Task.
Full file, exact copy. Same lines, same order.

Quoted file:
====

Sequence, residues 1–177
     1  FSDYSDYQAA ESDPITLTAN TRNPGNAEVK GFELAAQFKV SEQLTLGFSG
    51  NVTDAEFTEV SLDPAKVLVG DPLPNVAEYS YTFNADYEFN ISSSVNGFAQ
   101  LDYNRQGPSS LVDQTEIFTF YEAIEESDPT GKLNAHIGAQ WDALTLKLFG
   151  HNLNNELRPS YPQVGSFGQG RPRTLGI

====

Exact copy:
Sequence, residues 1–177
     1  FSDYSDYQAA ESDPITLTAN TRNPGNAEVK GFELAAQFKV SEQLTLGFSG
    51  NVTDAEFTEV SLDPAKVLVG DPLPNVAEYS YTFNADYEFN ISSSVNGFAQ
   101  LDYNRQGPSS LVDQTEIFTF YEAIEESDPT GKLNAHIGAQ WDALTLKLFG
   151  HNLNNELRPS YPQVGSFGQG RPRTLGI